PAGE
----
The filmmaker’s shallow philosophical construct encourages him to create an implausible drama. His view of the world as a series of “circumstances” obliges him to introduce abstract and banal connections into his work as a substitute for coherence. The performers’ contortions come from the need to make these false connections believable and real.

Iñárritu’s partner, Guillermo Arriaga, was the scriptwriter for both 21 Grams and the director’s first, much-acclaimed film, Amores Perros, commonly translated as “Love’s a Bitch.” Both works specialize in gratuitous portrayals of what the duo consider to be man’s congenitally diseased essence. Although Arriaga claims to be an atheist, there is more than a whiff of the doctrine of Original Sin present in his writing.

On the subject of Amores Perros, Arriaga spoke to CinemaSpeak.com: “I wrote horrible, awful characters with awful motivations, but people understand them. To understand a hit man—a hit man is always a terrible person, but I wanted the audience to understand the other side of the hit man.” This is simply puerile and irresponsible. Does anyone seriously believe that Arriaga is familiar with the “other side of the hit man”? This character study takes place in the midst of bloody scenes of dog fighting so graphic that the film drew ire from the British Royal Society for the Prevention of Cruelty to Animals.

About 21 Grams, Arriaga said: “It’s easy to talk about hope when we have these feel-good movies, but what about hope when you are deep in hell.... I think that in these times we are having very dark moments. September 11 was a very dark moment. The Oklahoma City bombing was a very dark moment for the United States and the Columbine killings. Where can you find hope?” There’s nothing about this approach that distinguishes it from the superficial explanations offered by the bourgeois media. It is precisely a “radical” accommodation to such explanations. Arriaga discloses, to say the least, a serious lack of insight into a complex period that cannot simply be characterized as “dark.”

Jittery, semi-hysterical films like 21 Grams may appear at first glance to be more profound than Hollywood “feel-good” movies, but in reality, neither genre seriously takes on social or psychological complexities. The former’s phony “nitty-grittiness” is meant more to impress than raise consciousness, if one discounts the filmmakers’ own consciousness of career, image and status.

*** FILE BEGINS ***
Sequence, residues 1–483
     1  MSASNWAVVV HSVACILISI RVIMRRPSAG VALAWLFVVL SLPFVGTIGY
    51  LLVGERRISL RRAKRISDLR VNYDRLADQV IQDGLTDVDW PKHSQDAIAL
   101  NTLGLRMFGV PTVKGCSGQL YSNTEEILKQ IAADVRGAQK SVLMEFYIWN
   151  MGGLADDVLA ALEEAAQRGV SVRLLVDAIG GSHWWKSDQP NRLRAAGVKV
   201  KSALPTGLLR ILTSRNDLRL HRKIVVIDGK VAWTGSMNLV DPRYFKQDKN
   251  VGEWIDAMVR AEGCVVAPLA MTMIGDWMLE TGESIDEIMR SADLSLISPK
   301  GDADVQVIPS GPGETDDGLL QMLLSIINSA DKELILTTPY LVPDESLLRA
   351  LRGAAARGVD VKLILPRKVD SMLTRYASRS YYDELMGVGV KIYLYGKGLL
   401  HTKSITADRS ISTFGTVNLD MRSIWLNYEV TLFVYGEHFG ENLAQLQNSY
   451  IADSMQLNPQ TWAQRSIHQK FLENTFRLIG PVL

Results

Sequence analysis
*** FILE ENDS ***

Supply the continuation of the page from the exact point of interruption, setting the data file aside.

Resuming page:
Arriaga claims to believe that “Life is worth it [all the pain] and that life has more power than death”; and “I think life is our only chance; our only chance to tell people how much we love them”; and “I want to tell the story very basic[ally] with very basic feelings. Our idea is that it’s so basic that it doesn’t need a specific place to happen.... The feelings that this brings is love, hate, revenge guilt, forgiveness—I think they are very basic.”

Director Iñárritu weighed in on FFWD Weekly,praising his scriptwriter: “He doesn’t fear to show the human condition in a naked way. And he talks about very basic, primitive things that I can relate to.... That’s tough because when people talk about those kinds of things, they get very cerebral, very deep, very important, and that’s boring.” After viewing 21 Grams, the spectator may find him or herself in immediate need of the cerebral, the deep and the important. In any event, to show “the human condition in a naked way” would actually mean demystifying class relations, laying bare the social process. Nothing could be farther from the filmmakers’ minds.

Neither Iñárritu nor Arriaga appears to have much of a clue about life in Mexico, the US or anywhere else. The filmmakers specialty involves translating the media’s sensationalism and impressionism into art-house language. This is then received with great fanfare by those in the cinema community who instinctively have an aversion to an examination of the source of these problems.

The extreme violence and anti-social behavior, the physical and moral decomposition represented in Iñárritu’s films are never attributable, in the end, to a decaying social order and its outmoded institutions, but to the mystical, to Fate, to the Soul—to the 21 grams.

It is far easier to make a ruckus than to lift the lid on the real, profound social issues—particularly the vast polarization of wealth and its inhuman consequences for the populations in Mexico, the US and globally. These conditions are malignant, explosive and at least 21 times more dramatic than the typical independent filmmaker or critic imagines.